Download A New Score Function for Joint Evaluation of Multiple F0 Hypotheses
This article is concerned with the estimation of the fundamental frequencies of the quasiharmonic sources in polyphonic signals for the case that the number of sources is known. We propose a new method for jointly evaluating multiple F0 hypotheses based on three physical principles: harmonicity, spectral smoothness and synchronous amplitude evolution within a single source. Given the observed spectrum a set of F0 candidates is listed and for any hypothetical combination among the candidates the corresponding hypothetical partial sequences are derived. Hypothetical partial sequences are then evaluated using a score function formulating the guiding principles in mathematical forms. The algorithm has been tested on a large collection of arti cially mixed polyphonic samples and the encouraging results demonstrate the competitive performance of the proposed method.
Download Sound Source Separation: Azimuth Discrimination and Resynthesis
In this paper we present a novel sound source separation algorithm which requires no prior knowledge, no learning, assisted or otherwise, and performs the task of separation based purely on azimuth discrimination within the stereo field. The algorithm exploits the use of the pan pot as a means to achieve image localisation within stereophonic recordings. As such, only an interaural intensity difference exists between left and right channels for a single source. We use gain scaling and phase cancellation techniques to expose frequency dependent nulls across the azimuth domain, from which source separation and resynthesis is carried out. We present results obtained from real recordings, and show that for musical recordings, the algorithm improves upon the output quality of current source separation schemes.
Download Source Separation for WFS Acoustic Opening Applications
This paper proposes a new scheme to reduce coding bit rate in array based multichannel audio applications like the acoustic opening, which can be used for modern teleconference systems. The combination of beamforming techniques for source separation and wave field synthesis allows a significant coding bit rate reduction. To evaluate the quality of this new scheme, both objective and subjective tests have been carried out. The objective measurement system is based on the Perceptual Audio Quality Measure of the binaural signal that the listener would perceive in a real environment.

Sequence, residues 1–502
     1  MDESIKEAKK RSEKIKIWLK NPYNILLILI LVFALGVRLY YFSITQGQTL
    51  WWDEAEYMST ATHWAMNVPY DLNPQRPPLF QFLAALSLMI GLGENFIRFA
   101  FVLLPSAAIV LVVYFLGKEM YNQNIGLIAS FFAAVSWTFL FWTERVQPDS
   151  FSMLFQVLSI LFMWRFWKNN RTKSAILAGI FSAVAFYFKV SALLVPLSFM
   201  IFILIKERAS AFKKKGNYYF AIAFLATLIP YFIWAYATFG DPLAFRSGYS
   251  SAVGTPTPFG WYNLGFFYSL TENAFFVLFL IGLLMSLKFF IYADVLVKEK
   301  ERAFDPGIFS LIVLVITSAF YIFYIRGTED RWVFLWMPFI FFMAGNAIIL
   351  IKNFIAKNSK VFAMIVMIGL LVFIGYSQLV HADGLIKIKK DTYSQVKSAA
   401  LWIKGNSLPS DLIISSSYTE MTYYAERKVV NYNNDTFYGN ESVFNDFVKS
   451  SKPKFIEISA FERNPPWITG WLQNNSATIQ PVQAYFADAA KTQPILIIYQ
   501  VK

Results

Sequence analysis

Download Analysis of Certain Challenges for the Use of Wave Field Synthesis in Concert-Based Applications
Wave Field Synthesis (WFS) provides a means for reproducing 3D sound fields over an extended area. Beyond conventional audio reproduction applications, present research at IRCAM involves augmenting the realism of concert-based applications in which real musicians will be interacting on stage with virtual sources reproduced by WFS. The stake of such a situation is to create virtual sound sources which behave as closely as possible to real sound sources, in order to obtain a natural balance between real and virtual sources. The goal of this article is to point out physical differences between real sound sources and WFS reproduced sources situated at the same position, considering successively the sound field associated to the direct sound of the virtual source and its interaction with the room. Methods for taking into account and compensating these differences are proposed.
Download A Maximum Likelihood Approach to Blind Audio De-Reverberation
Blind audio de-reverberation is the problem of removing reverb from an audio signal without having explicit data regarding the system and/or the input signal. Blind audio de-reverberation is a more difficult signal-processing task than ordinary dereverberation based on deconvolution. In this paper different blind de-reverberation algorithms derived from kurtosis maximization and a maximum likelihood approach are analyzed and implemented.